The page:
Young Thais are drawn by the big city lifestyle
From trying to control a pack of over-excited huskies in the wilderness to doing handbrake turns on ice in a rally car, Finnish Lapland is an adventure sports hotspot. However, what makes these arctic activities unique is they were born out of the indigenous Sámi peoples’ need to live within the limitations of an incredibly harsh winter environment.
One of the northern region’s most popular adventures is a multi-day expedition where visitors run a team of snow dogs, organised by the tour operator Kamisak. Sleds have been used as transport in the Arctic region for thousands of years and old sleds and leather reins have even been found in bogs, estimated to be more than 3,000 years old.
From the village of Ivalo (and with the help of a guide), visitors drive their own team of dogs through pristine, snow-covered fells, covering between 30km and 50km a day, sleeping in remote wilderness huts each night and experiencing the isolation and beauty of Lapland in a section of forest just 50km from the Russian border.
A milder, but quirkier thrill is reindeer sledding in Saariselkä, a ski village about 30km south of Ivalo. Since reindeer need to be fed less meat than dogs, locals used the antlered animals to pull their skis and sleds from the 14th Century onward. Today, sleds of visitors are pulled through birch forest in the same way that goods were transported from the summer to winter feeding grounds of the semi-nomadic Sami people. Sled rides vary from two to four hours.
The region’s only challenger to the dominance of dogs and reindeer was the Finnhorse -- a stout, versatile and reliable chestnut coloured horse that was originally bred for farm and agricultural work. In another Ivalo-based tour run by Kamisak, thrill-seeking guests can gallop the sure-footed Finnhorse through the icy forest for two hours.
The introduction of motorised vehicles changed life in the Arctic region of Finnish Lapland. The region’s first road -- which stretched from the far northern village of Inari to the town of Rovaniemi, nearly 400km to the south -- was completed in 1925, and cars were a common sight by the 1930s. The road brought a supplies and goods from Finland’s southern regions to the remote communities in the far north, but it also brought new dangers; collisions with reindeer were common and drivers faced often icy roads.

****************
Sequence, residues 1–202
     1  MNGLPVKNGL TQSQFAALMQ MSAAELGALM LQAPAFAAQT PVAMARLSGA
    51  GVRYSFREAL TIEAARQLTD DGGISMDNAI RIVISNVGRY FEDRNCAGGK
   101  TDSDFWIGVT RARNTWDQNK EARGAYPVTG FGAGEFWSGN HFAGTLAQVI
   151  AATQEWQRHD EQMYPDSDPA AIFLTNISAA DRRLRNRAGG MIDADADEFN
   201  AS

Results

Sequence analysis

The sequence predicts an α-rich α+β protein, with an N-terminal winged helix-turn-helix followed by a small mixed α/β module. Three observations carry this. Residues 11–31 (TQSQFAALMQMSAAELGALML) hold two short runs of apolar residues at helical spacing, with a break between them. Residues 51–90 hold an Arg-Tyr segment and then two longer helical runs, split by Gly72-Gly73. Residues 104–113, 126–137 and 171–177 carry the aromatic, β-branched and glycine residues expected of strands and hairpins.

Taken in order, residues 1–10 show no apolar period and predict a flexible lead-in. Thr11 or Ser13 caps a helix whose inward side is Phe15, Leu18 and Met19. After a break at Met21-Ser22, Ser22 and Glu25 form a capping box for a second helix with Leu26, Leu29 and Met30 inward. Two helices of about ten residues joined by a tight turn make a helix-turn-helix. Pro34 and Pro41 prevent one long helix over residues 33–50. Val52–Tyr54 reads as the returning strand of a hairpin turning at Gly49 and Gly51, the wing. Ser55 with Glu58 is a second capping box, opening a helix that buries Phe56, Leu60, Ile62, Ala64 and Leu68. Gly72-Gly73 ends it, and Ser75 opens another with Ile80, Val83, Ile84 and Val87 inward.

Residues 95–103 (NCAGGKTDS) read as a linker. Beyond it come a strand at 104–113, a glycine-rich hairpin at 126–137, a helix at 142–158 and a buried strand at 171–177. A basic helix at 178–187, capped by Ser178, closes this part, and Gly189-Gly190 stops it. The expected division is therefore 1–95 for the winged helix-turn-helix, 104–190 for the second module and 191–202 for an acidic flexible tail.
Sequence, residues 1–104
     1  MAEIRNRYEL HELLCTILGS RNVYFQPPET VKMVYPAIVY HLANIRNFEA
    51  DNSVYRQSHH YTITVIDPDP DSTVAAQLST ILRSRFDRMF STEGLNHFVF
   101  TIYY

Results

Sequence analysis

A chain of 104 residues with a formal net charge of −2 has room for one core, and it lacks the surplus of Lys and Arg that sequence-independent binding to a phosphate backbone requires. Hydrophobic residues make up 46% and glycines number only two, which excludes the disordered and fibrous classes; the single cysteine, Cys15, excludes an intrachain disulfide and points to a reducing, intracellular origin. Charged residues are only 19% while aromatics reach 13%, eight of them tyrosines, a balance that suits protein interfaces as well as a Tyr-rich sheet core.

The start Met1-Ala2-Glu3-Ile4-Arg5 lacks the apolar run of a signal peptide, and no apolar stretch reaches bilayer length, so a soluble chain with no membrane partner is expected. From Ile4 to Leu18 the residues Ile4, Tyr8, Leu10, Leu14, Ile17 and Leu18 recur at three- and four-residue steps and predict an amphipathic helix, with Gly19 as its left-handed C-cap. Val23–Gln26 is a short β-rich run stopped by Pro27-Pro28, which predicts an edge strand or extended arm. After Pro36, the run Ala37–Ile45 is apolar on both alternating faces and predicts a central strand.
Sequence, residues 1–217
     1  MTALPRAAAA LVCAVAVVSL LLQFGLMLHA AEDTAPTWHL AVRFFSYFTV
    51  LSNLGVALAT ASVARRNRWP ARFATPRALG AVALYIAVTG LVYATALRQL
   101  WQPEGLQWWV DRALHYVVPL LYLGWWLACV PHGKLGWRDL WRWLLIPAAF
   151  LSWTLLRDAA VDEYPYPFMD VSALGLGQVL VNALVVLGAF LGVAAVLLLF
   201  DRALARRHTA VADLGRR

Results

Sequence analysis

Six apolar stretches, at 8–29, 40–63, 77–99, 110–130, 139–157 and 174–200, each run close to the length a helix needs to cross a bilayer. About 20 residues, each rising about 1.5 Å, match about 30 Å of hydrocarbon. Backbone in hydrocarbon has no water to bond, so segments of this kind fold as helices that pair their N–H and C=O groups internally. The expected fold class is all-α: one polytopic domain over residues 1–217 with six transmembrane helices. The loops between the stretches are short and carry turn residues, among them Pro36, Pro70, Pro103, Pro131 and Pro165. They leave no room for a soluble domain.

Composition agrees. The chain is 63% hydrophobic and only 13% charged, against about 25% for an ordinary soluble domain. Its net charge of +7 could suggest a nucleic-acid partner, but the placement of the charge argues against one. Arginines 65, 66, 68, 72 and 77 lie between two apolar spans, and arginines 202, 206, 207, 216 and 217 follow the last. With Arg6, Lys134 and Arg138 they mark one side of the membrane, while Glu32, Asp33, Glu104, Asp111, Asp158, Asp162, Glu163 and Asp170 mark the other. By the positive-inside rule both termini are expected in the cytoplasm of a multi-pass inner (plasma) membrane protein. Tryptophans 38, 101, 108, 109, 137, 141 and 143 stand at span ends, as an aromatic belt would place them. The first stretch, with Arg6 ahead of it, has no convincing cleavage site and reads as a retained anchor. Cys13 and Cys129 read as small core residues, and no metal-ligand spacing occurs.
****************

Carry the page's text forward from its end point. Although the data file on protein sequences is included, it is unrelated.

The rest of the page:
Today, the cold weather conditions and stunning vistas are a major drawcard for a number of private car clubs, who come from all over Europe to test both their cars and their driving skills in Arctic conditions. For other visitors eager to give ice driving a go, Action Park near Saariselkä has a specially-designed ice and snow track where thrill seekers can learn how to handle high performance rally cars (a modified car that races both off road and on). For those not keen on doing handbreak spins – an important skill to learn if ever driving on ice -- Action Park also has an excellent ice go-karting track.
Despite the introduction of cars, the most useful motorised vehicle in Finnish Lapland is the skimobile. Known commonly as the ski-doo, it first appeared on the Finnish market in 1962 and the Sami people used them to revolutionise reindeer herding.
Today there are more than 1,000km of skimobile tracks in northern Lapland, and it is not uncommon to see Sami herding their reindeer with the noisy machines through the forests around Inari, riding home along a snow bank of a highway, or using them to ferry hotel guests to the airport shuttle in the early hours of the morning when the roads have yet to be cleared by a snowplough.
Easily hired from most village centres or arranged by hotels, guests can zip along with a guide through the forest in a thrilling, if slightly noisy adventure, possibly stopping for tea or coffee along the way to stay warm.
But there are also some adventure activities in northern Finland that are just good old-fashioned fun. Saariselkä is home to Finland’s longest toboggan run -- a 1.2km slope that starts from the summit of Kaunispää and offers a four-minute ride to the bottom. Punters can grab one of the few dozen sleds often available at the bottom of the run and either drive or take the lift to the top of the 483m-tall mountain for the slide.
And perhaps the greatest adventure activity of them all is ice dipping. Temperatures in Finnish Lapland can plunge below 30C in winter, but that does not deter some from taking a frosty dip at the Hotel Kakslauttanen in Saariselkä. After warming up in a Finnish sauna -- a national tradition -- guests don socks for a 50m, often naked run through the snow to a manmade hole in the ice, where they can safely use a step ladder to dip in the icy lake waters below.